Sometimes the concrete error is not a result of the concrete mixture itself. In situations where off-spec materials such as rebar or anchors need to be removed from set concrete, Hydrodemolition provides the power and precision necessary for fast, efficient removal.

In addition to setting parameters for stroke and pressure, robots can be programmed to cut geometric shapes, such as circles, triangles, squares or parallelograms.

This allows contractors to remove just enough material to reach the imbedded item, whether it is just below the surface or several metres down.

One contractor discovered they needed to replace bolts on anchors imbedded 1 m (3 ft 3 in) into the concrete. It was able to cut circular holes — just big enough to free the anchors — minimising removal and increasing efficiency of the repair project. The contractor was able to correct 12 to 15 anchors in 12 hours using a hydrodemolition robot.

Concrete repairs to existing structures
Hydrodemolition also provides an efficient solution for fixing concrete errors in existing structures — whether the repair is needed because something went wrong in the initial construction or as part of a renovation or rehabilitation, such as removing fire damaged concrete.

Aquajet Hydrodemolition robots can be programmed to cut shapes

One contractor tasked with removing a 2.4 m (8 ft) thick concrete pier on an active construction site for a hydropower plant was able to remove 140 cu m (4,944 cu ft) in just 53 days, averaging 4 cu m (141 cu ft) in a 12-hour shift. Once the demolition was complete, the repoured concrete benefited from the superior bonding surface created by the hydrodemolition process.

The main reason for this is the absence of microfractures thanks to the impact free process. Hydrodemolition also provides a cleaner surface, which eliminates the need for additional steps.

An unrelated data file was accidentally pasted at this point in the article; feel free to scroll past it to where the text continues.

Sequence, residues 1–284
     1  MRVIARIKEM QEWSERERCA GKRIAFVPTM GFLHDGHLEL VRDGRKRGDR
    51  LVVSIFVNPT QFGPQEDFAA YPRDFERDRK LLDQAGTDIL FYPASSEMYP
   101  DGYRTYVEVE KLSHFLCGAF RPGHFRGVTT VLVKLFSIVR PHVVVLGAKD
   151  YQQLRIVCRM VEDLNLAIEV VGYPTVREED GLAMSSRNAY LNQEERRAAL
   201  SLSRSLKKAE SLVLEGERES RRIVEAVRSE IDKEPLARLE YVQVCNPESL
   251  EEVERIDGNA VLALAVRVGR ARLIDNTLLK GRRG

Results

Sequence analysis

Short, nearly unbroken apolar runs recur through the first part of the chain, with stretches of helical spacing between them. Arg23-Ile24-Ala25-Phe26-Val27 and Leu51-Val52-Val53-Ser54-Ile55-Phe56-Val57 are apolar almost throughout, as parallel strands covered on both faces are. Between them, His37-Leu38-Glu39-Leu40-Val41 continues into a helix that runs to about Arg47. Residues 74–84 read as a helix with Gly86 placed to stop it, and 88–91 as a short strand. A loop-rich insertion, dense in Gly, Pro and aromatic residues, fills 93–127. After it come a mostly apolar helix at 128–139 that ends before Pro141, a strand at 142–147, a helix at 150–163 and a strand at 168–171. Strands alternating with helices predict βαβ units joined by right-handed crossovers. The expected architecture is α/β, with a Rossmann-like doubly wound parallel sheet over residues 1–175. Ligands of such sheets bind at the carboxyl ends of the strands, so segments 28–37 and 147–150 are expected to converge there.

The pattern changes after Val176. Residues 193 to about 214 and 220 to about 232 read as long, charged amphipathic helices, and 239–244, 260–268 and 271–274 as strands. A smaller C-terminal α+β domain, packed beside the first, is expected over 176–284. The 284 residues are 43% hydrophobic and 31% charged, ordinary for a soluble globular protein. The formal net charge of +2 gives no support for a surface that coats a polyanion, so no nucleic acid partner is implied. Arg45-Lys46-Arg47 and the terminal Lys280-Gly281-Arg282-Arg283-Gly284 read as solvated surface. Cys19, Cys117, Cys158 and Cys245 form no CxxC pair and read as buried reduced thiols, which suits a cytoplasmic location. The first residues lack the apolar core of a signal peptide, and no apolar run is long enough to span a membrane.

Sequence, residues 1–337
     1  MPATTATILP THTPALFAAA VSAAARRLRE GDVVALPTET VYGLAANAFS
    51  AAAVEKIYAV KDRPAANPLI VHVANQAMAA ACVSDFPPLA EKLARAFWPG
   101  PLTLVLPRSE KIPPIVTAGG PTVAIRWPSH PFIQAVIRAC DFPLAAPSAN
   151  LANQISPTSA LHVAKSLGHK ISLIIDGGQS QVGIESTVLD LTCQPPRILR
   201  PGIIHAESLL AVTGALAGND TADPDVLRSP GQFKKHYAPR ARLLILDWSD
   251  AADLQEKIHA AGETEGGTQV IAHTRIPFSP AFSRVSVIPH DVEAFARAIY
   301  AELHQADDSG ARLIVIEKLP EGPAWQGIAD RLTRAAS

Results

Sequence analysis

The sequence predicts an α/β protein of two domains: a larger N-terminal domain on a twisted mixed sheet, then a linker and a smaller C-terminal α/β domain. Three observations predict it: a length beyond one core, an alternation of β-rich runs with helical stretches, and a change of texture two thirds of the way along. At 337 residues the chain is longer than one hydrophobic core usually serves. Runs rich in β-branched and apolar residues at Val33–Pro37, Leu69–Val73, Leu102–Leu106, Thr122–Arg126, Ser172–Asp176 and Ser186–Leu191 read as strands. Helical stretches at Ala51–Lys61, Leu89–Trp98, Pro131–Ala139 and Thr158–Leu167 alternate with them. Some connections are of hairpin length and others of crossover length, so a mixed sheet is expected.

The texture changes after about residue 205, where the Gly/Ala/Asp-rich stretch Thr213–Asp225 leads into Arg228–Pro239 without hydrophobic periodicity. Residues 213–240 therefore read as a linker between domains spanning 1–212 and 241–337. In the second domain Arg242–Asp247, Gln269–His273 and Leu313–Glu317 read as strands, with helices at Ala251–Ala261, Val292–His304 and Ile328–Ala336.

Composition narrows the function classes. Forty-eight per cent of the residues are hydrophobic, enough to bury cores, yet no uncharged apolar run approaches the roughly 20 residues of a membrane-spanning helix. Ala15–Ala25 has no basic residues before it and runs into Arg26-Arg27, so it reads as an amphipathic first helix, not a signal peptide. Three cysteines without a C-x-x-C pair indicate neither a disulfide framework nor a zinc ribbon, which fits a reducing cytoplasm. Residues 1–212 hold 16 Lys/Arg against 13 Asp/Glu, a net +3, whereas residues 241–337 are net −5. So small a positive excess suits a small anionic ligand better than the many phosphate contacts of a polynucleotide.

Additionally, hydrodemolition is recognized as one of few methods capable of achieving concrete surface profiles (CSP) 3 through to 10, making it a versatile option for surface preparation applications. For example, a contractor could tackle a concrete water tank where old coatings need to be removed and the surface roughened to apply new paint or epoxy. This might require a CSP 3. On a subsequent project, where a bridge pillar needs reinforcement, the same contactor might be asked to provide a CSP 8 for the for the application of new concrete. This would not be a challenge with a hydrodemolition robot.

Compressive strength failure
Hydrodemolition is a solution for concrete fixes that require productivity and precision, and nowhere is that more necessary than when facing compressive strength failure. Once a failure has been identified, hydrodemolition allows contractors to quickly go in and remove only the weak material without jeopardising the overall structural integrity of remaining concrete or damaging rebar. When removal is complete, they are left with a superior bonding surface that will provide a lasting correction.

Additionally, hydrodemolition robots from industry-leading manufacturers are highly manoeuvrable, allowing contractors to tackle compressive strength failures wherever they occur — on horizontal, vertical or even overhead surfaces. Some manufacturers also offer additional equipment that extends the robot’s reach or allows for specialised removal applications such as around columns, inside tunnels or under water. Lightweight, highly adaptable models are also available that make confined space applications safer and more productive.

Concrete errors can happen to anyone. Being ready with a fast, cost-effective solution allows forward-thinking contractors to maintain productivity in the face of unexpected delays.

* Keith Armishaw is the business development manager for Aquajet’s North American subsidiary. He has more than 25 years of industry and leadership experience.

For more coverage of hydrodemolition, please see the July-August issue of Demolition & Recycling International, published next month